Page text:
w High volumes of sweat cause – Blood volume to decrease, – Loss of minerals and electrolytes, and – Release of aldosterone and ADH and water reabsorption in kidneys. Body Fluid and Exercise in the Heat w Sweating increases.
Variables of Environment Heat Load w Air temperature w Humidity w Air velocity w Amount of thermal radiation
Wet Bulb Globe Temperature w Simultaneously accounts for conduction, convection, evaporation, and radiation. w Dry bulb measures air temperature (TDB). w Wet bulb measures temperature as water evaporates from it (TWB). w Black globe absorbs radiated heat (TG). w WBGT = 0.1TDB + 0.7TWB + 0.2TG
Treatment of Heat Disorders Heat cramps—move to cooler location and administer fluids or saline solution Heat exhaustion—move to cooler environment, elevate feet; give saline if conscious or intravenous saline if unconscious Heat stroke—rapidly cool body in cold water, ice bath or with wet towels; seek medical attention
Preventing Hyperthermia w Avoid exercising in humid conditions above a WBGT index of 28 °C (82.4 °F). w Schedule practices or events in early morning or at night. w Wear light-weight, light-colored, loosely-woven clothing. w Drink plenty of fluids. w Know the symptoms of heat stress.
Key Points Heat Stress w WBGT measures air temperature and accounts for heat exchange via conduction, convection, evaporation, and radiation. w Heat cramps appear to be caused by loss of fluids and minerals due to sweating. w Heat exhaustion results from the cardiovascular system being unable to meet the needs of muscles and skin due to lower blood volume (from sweating). w Heat stroke is caused by failure of the body's thermoregulatory system.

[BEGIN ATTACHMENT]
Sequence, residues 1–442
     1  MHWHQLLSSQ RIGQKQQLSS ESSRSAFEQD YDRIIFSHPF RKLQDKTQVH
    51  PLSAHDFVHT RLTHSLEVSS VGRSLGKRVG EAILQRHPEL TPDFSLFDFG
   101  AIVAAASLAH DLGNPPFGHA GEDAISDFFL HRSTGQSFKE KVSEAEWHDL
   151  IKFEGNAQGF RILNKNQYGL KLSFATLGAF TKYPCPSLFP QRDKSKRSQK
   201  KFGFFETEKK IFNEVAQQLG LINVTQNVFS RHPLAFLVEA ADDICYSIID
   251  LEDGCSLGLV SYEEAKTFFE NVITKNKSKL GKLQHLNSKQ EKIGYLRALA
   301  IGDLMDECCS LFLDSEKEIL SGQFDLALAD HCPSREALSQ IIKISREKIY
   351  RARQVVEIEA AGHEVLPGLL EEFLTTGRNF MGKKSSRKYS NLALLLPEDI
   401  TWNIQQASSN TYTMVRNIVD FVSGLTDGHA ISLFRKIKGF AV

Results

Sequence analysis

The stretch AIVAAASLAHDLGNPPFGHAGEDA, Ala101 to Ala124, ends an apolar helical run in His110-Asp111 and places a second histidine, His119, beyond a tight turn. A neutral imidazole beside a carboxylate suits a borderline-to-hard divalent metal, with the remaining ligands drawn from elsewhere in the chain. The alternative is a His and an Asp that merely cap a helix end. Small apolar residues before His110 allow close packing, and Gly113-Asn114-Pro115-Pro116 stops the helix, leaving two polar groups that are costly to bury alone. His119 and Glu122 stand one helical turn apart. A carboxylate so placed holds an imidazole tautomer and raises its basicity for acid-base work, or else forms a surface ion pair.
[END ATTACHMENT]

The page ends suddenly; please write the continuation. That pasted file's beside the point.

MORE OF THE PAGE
Heat Acclimatization w Ability to get rid of excess heat improves w Sweating becomes more efficient w Blood flow to skin is reduced; more blood is available to muscles w Blood volume increases w Heart rate increase is less (than nonacclimatized) w Stroke volume increases w Muscle glycogen usage decreases
Did You Know…? You can achieve heat acclimatization by exercising in the heat for 1 hour or more each day for 5 to 10 days. Cardiovascular adaptations occur within the first 3 to 5 days while changes in sweating mechanisms may take up to 10 days. Reduce exercise intensity to 60% to 70% the first few days before resuming more intense workouts.
Key Points Heat Acclimatization w Repeated exposure to heat stress during exercise improves your ability to get rid of excess heat. w Sweating increases in well-exposed areas to promote heat loss. w Stroke volume increases to aid in delivery of more blood to the muscles and skin. w Muscle glycogen use is reduced to delay onset of fatigue. w Amount of heat acclimatization depends on environmental conditions and duration of exposure and intensity of exercise.
How Does the Body Conserve Heat? Shivering—rapid involuntary cycle of contraction and relaxation of muscles Nonshivering thermogenesis—stimulation of metabolism Peripheral vasoconstriction—reduces blood flow to skin
Factors That Affect Body Heat Loss w Body size and composition w Air temperature w Wind chill w Water immersion
Responses to Exercise in the Cold w Muscles weaken and fatigue occurs more rapidly w Susceptibility to hypothermia increases w Exercise-induced FFA mobilization is impaired due to vasoconstriction of subcutaneous blood vessels
Health Risks of Exercise in the Cold w Ability to regulate body temperature is lost if Tbody drops below 34.5 °C (94.1°F). w Hypothermia causes heart rate to drop, which reduces cardiac output. w Vasoconstriction in the skin reduces blood flow to skin, eventually causing frostbite.